Cuba Libre

Cuba LibreCuba is a beautiful island; I visited this country in 1999 when they were celebrating the 50th anniversary of their revolution.

While listening to their leader and then president Fidel Castro on his 9 hour marathon on public television, I realised something: here I was in La Habana, drinking a Cuba Libre (one of the country’s most emblematic beverages), which mixes rum with Coca Cola, a soft drink seen as one of the icons of the United States. This struck me as odd as the USA and Cuba are not the best of friends. Why would one of Cuba’s national drinks use a component from the USA? I decided to investigate further on the history of this drink.

The story of how rum and Coca Cola were mixed dates back to the early 20th century. Sugarcane, which is the main ingredient in the distilling process of rum, was introduced to Cuba by Christopher Columbus on his second trip to the New World, in 1502. Coca Cola was created somewhere around 1880 in the city of Atlanta by a chemist called John Pemberton. It would arrive in Cuba during the prominent period of their most famous poet, José Martí.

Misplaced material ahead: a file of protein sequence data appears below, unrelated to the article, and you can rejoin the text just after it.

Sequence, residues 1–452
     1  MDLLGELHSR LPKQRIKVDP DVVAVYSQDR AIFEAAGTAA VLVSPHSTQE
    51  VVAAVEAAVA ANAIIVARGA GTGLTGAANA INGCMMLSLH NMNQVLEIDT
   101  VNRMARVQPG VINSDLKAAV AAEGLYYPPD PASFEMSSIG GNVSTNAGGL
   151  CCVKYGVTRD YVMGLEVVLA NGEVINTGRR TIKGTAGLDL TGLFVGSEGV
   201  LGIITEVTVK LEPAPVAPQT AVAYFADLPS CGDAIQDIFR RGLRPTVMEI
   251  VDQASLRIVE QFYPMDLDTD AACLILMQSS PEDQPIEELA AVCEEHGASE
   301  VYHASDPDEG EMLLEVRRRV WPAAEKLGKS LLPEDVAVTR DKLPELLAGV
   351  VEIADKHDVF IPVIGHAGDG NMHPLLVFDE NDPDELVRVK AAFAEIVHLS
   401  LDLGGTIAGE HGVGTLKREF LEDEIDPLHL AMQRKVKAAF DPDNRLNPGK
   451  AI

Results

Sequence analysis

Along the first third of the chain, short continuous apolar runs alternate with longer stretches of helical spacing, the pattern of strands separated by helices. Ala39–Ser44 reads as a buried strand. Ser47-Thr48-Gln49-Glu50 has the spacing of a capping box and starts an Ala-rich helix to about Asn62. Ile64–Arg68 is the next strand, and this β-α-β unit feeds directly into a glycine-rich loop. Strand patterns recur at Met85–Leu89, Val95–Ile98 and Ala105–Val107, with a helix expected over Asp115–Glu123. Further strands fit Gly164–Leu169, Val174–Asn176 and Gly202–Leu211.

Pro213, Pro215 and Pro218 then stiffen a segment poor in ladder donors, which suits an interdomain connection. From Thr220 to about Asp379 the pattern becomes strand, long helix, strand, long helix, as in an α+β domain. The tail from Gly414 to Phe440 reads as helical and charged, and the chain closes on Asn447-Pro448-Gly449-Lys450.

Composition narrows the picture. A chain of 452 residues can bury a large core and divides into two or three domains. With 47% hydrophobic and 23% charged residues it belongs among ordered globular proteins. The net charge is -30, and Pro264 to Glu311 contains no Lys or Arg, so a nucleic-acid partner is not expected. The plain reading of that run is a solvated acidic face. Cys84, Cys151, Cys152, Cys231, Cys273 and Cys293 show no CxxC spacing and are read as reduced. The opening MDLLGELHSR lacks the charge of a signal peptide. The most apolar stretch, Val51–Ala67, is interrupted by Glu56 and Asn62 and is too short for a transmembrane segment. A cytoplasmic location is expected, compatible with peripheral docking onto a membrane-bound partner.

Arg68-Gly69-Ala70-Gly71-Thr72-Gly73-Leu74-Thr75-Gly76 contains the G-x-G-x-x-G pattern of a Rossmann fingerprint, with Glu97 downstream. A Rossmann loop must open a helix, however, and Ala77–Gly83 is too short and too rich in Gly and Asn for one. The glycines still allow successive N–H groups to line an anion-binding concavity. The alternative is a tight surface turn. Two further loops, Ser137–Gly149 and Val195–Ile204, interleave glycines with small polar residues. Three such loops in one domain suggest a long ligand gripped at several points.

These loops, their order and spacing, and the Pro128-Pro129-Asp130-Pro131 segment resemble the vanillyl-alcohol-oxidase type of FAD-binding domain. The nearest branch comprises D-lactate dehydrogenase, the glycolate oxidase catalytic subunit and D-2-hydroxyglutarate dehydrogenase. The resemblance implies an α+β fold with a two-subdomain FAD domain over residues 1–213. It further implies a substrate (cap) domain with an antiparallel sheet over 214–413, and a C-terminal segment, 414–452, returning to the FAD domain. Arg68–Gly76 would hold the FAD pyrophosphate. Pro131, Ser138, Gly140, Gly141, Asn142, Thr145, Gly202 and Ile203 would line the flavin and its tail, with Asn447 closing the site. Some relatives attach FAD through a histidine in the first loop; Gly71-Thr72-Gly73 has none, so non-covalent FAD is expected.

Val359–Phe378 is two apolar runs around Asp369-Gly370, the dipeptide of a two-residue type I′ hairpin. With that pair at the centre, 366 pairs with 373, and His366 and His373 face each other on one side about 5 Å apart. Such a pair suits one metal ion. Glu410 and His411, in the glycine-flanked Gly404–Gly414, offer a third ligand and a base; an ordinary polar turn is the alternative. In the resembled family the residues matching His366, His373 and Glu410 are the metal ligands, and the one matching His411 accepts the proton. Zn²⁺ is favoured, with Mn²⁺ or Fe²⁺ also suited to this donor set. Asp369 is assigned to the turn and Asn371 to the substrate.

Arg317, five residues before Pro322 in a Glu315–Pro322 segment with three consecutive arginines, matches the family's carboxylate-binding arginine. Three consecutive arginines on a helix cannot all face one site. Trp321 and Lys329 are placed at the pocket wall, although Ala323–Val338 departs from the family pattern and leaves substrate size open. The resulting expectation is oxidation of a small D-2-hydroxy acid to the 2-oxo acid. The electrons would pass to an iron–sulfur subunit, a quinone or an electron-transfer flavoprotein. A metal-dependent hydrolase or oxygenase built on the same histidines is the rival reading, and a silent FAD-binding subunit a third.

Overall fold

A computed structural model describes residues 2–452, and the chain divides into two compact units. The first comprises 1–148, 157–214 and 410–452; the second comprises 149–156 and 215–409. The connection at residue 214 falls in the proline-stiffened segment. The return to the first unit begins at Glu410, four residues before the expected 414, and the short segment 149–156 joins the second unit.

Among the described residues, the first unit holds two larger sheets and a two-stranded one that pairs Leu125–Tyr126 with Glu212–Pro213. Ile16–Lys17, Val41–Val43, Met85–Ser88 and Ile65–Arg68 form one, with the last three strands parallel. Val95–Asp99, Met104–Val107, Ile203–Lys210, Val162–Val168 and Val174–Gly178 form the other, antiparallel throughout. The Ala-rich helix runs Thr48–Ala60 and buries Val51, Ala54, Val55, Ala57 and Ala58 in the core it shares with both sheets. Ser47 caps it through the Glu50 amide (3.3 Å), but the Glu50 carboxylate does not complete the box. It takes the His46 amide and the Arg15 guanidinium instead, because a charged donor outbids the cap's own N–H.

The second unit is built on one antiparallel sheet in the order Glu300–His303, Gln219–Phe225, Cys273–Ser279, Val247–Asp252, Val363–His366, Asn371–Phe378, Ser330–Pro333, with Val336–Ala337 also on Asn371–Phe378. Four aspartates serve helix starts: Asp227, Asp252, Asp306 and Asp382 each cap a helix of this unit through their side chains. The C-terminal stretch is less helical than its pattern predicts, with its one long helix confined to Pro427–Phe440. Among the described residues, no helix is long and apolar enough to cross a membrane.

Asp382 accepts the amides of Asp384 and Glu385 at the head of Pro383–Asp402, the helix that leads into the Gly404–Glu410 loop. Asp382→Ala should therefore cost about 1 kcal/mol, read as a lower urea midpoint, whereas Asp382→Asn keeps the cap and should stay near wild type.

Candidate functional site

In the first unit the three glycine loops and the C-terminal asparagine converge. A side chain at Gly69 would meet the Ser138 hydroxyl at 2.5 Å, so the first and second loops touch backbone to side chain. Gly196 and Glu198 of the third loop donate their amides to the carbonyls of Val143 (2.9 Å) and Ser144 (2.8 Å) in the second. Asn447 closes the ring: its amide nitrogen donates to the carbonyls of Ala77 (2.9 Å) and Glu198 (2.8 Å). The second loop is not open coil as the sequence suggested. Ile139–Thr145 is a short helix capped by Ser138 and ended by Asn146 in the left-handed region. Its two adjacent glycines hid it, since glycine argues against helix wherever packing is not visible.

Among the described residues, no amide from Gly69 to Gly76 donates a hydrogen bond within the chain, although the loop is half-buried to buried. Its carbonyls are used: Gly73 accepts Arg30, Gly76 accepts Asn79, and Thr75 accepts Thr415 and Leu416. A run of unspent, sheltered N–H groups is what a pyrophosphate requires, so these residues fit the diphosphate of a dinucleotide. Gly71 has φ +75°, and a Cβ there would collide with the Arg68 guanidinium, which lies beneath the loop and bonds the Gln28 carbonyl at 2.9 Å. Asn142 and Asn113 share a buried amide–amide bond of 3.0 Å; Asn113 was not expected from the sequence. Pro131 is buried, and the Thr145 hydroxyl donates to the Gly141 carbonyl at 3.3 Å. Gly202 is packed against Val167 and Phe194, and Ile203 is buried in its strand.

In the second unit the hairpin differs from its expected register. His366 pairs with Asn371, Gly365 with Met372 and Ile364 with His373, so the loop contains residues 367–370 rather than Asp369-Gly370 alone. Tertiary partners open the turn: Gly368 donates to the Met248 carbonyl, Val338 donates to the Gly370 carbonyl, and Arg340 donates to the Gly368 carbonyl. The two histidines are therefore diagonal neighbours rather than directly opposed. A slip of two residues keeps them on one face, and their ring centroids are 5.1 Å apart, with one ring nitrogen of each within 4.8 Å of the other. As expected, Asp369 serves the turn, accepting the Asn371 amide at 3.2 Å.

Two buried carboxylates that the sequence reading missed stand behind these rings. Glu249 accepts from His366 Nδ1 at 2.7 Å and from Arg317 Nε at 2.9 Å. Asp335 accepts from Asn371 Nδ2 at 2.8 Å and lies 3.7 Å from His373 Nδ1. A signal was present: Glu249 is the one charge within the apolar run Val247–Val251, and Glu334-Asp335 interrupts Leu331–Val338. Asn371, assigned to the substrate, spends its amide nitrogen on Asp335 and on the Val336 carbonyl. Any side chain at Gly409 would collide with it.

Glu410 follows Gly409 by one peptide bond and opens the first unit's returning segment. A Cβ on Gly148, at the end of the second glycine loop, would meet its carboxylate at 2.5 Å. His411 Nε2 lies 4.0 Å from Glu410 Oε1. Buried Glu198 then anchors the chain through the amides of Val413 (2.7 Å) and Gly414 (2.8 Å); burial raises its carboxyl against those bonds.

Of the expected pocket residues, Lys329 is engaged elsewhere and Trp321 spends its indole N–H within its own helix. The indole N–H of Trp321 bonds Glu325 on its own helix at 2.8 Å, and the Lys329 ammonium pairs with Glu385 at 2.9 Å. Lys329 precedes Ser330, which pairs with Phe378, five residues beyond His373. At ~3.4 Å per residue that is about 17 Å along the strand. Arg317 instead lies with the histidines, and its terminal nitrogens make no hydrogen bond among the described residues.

Influenced by this great poet and other intellectuals, both Cuba and the United States were fighting for independence. The combination of Coca Cola and rum tried to emphasize the libertarian spirit of both nations, embracing their common goal. The USA and Cuba were united in their desire for independence. From this desire came the name Cuba Libre, “a free Cuba.”

Unlike other rum-based cocktails like this strawberry tang, Cuba Libre tastes strongly of alcohol. The aroma in the glass, once served, is rich and extremely refreshing. It’s a drink that will leave an aftertaste on your palate that you will notice for hours after drinking it, especially if you prepare it with an aged rum (like a 12 year Havana Club).

Years after my trip to Cuba, I still think about the experience of a Cuba Libre on the island, and how the icons from two antagonistic worlds came to mix.

Needed:

  • 1/2 lime
  • 12cl dark rum
  • 24cl Coca Cola

How to make it:
1. Squeeze the juice of half a lime into a Collins glass.
2. Drop the lime into the glass.
3. Add ice cubes.
4. Pour the rum into the glass.
5. Slowly pour the Coca Cola until the glass is full.
6. Stir well.

Time: 3 minutes
Makes: 1 cocktail